Huge €12k price move gives X5 an edge
* New BMW two-wheel-drive version to cost €12,000 less than entry-level 4x4
* Smarter looks, bigger cabin, more power, room and spec than predecessors
* Driving edge not as sharp as before
BMW's first two-wheel-drive version of the X5 will cost a substantial €12,000 less than the new four-wheel-drive 3-litre diesel model, I can reveal today.
The 2WD diesel model of the large, luxury SAV (Sports Activity Vehicle) will start around €67,000 when it gets here in December.
That compares with €79,450 on-the-road for the 3-litre diesel with 4x4, which arrives in November.
So many people don't need 4x4 technology: they only drive cars such as this on the tarmac.
So, by producing a 2WD X5, BMW cuts production costs, lowers power requirements, and benefits from reduced taxation levels because the smaller (2-litre) engine has fewer emissions.
The final price has yet to be officially sanctioned but you can confidently expect the 4cyl sDrive25d to cost close to €67,000.
Now, apart from that explosive move on price, the old adage of not fixing something that isn't broken applies in huge measure to this third generation X5.
They have done a deceptive amount without appearing to do so much.
I found that when I drove the 3-litre diesel 4x4. Why break the mould when the two previous models were such sweeping successes?
It looks a bit different, sure, but the distinguishing changes are not revolutionary. The front echoes the new 3-series and 4-series while the vehicle itself looks sleeker and lower, less macho. They claim class-leading aerodynamics.
But they have worked wonders with the cabin, now an enviable blend of luxury, comfort and flair. Great mix of curves and angles, lovely leather insets on top of door flanges... that sort of thing.
I love the Range Rover Sport's cabin. Is the new X5's as good? It is a close call between the Beemer's classic modernity and the sheer indulgence of Sport's red-leather cabin?
But the X5 beats anything I know on the simple, but often overlooked, task of getting in. It is the easiest car I now know to get into – you just smooth onto the seat.
By the way, the driver's seat is a little offset and took me a few moments to get used to. But what a great place to be in for that fast, sure-footed drive up long, winding, wet, mountain roads.
They have gone to work – from a different perspective, I think – on the suspension and general set-up.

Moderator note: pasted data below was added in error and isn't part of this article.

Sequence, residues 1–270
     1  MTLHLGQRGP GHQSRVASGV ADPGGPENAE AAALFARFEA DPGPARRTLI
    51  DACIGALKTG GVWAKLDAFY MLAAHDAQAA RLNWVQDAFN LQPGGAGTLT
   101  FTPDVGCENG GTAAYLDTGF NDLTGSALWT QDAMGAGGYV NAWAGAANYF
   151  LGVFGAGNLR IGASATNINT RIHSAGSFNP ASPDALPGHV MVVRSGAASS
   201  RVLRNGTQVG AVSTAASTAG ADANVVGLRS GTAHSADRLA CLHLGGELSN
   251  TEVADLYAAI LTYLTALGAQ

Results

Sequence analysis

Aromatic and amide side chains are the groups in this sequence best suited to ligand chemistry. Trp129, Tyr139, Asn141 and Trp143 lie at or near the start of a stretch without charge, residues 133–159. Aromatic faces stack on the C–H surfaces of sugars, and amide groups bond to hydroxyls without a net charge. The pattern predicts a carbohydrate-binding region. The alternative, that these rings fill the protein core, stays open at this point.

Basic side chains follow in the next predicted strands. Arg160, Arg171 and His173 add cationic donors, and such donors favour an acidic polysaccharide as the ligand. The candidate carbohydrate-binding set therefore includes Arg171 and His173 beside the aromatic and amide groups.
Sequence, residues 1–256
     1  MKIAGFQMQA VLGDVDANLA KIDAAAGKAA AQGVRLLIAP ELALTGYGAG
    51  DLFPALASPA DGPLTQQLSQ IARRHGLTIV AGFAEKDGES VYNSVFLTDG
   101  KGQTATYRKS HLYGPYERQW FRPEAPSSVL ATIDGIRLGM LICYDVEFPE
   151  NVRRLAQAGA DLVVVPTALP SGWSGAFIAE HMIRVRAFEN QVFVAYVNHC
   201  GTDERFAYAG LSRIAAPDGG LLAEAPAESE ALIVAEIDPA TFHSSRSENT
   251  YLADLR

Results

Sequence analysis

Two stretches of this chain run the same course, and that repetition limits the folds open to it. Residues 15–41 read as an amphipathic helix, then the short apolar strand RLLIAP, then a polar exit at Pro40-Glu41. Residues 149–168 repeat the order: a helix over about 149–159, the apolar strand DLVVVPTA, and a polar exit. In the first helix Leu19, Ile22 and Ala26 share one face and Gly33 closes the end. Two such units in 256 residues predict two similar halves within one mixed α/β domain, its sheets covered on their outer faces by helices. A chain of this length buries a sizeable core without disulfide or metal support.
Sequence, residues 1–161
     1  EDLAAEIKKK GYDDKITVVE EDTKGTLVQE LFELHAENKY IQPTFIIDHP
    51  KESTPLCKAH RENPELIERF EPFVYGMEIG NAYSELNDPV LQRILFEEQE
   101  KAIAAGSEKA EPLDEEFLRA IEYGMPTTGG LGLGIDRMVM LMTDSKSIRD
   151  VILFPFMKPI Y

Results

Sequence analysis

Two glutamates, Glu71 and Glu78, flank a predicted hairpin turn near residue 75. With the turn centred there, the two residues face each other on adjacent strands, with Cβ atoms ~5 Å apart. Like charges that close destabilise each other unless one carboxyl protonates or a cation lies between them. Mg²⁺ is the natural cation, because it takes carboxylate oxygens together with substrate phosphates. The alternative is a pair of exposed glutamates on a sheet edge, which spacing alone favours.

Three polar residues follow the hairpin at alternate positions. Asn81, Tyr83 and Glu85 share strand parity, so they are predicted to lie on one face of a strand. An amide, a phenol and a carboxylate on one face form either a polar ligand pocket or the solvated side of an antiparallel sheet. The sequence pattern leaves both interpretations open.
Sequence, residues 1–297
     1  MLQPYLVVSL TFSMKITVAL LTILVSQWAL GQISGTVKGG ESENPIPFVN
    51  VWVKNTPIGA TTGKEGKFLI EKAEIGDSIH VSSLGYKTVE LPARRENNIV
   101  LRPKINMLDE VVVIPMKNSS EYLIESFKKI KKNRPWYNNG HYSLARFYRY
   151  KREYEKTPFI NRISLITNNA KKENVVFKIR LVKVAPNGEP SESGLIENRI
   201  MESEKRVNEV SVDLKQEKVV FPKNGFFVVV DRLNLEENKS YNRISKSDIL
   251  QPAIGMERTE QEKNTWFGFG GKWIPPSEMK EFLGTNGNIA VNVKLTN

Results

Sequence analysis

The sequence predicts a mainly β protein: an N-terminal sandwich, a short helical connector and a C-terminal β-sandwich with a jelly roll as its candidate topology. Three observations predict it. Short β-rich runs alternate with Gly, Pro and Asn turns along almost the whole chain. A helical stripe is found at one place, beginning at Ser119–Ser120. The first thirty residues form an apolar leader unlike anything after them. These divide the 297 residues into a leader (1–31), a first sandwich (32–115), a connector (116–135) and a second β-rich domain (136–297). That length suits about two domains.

Where the previous one was an edgy/sporty/taut handler/ driver (loved it), this felt a tad softer, more composed maybe. I missed the edge a bit but I can see where the sense is in emphasising it as a large, comfy, luxury SAV rather than an outright competitor for a Porsche or such.
Don't get me wrong, it remains an impressive powerhouse of power and pace as I discovered yesterday with great handling and traction thanks to the xDrive all-wheel drive that managed power between front and rear wheels so well.
It just does things a little differently now, I felt. The subtle shifts in handling, ride and response distinguish this new model's tweaking of the mould.
There's no doubt either that the suspension deals better with those sudden, sharp bumps that befall you on many a road.
And you can choose how you want the car set up: the Drive Dynamic Control toggle switch lets you flick between Comfort, Sport, Sport+ and Eco Pro modes.
However, the steering was a little vague for my taste. I wanted a greater sense of contact and feedback.
They've increased body stiffness and strength but end up with a motor that is 90kg lighter (first under two tonnes) when you allow for added spec.
Interesting too to see what they've done with the seats. They are designed to reduce vibration, so with the new suspension set-up you're a lot cosier.
It really is a big comfy cabin (you can choose from seven upholstery colours) and those in the back (flat floor) have more room.
The second row splits/folds 40/20/40 and slides 80mm forward if you order an optional third row of seats.
The boot is roomier too (650 litres; back seats folded it's 1,870). You can remotely close the two-section tailgate from the driver's seat and the lower part folds to the same level as the boot floor.
There is 13bhp more in the xDrive30d now (0-100kmh in 6.9 secs) as well as additional pulling power (torque). I got plenty of low-rev muscle.
My version had paddles on the steering wheel and boy did I use them. The 8spd auto box was excellent – the kick-down was instant and smooth – but the paddles transformed the drive for me.
Great engine that 3-litre, quieter now, but I could still hear that great diesel grunt when I hit the down-gears paddle. It's 0.7 seconds faster to 100kmh and emits 33 fewer grammes of CO2.
It gets here in November but let's see what Ireland makes of the rear-wheel-drive 2-litre sDrive25d (218bhp, 149 g/km) in December – at €67,000 or so it has got to be the biggie? Yes? No?
Without a doubt the mould has most certainly NOT been broken with the new X5 but it sure has been reshaped substantially – not least by that dramatic lowering of the entry price.
BMW X5 The line-up and prices
Model OTR* bhp 0-100km mpg CO2
xDrive30dSE €79,450 258 6.9 45.6 162
xDrive30d M Sport €87,310 258 6.9 45.6 164
M50d €109,630 381 5.3 42.2 177
xDrive50i SE €110,720 449 5 27.2 242
xDrive50i M Sport €118,050 449 5 26.9 244
* On the road; includes delivery and related charges
Due in December
Rear-wheel-drive 2-litre sDrive25d (218bhp, 149 g/km), around €67,000. Also xDrive40d, xDrive35i and xDrive25d.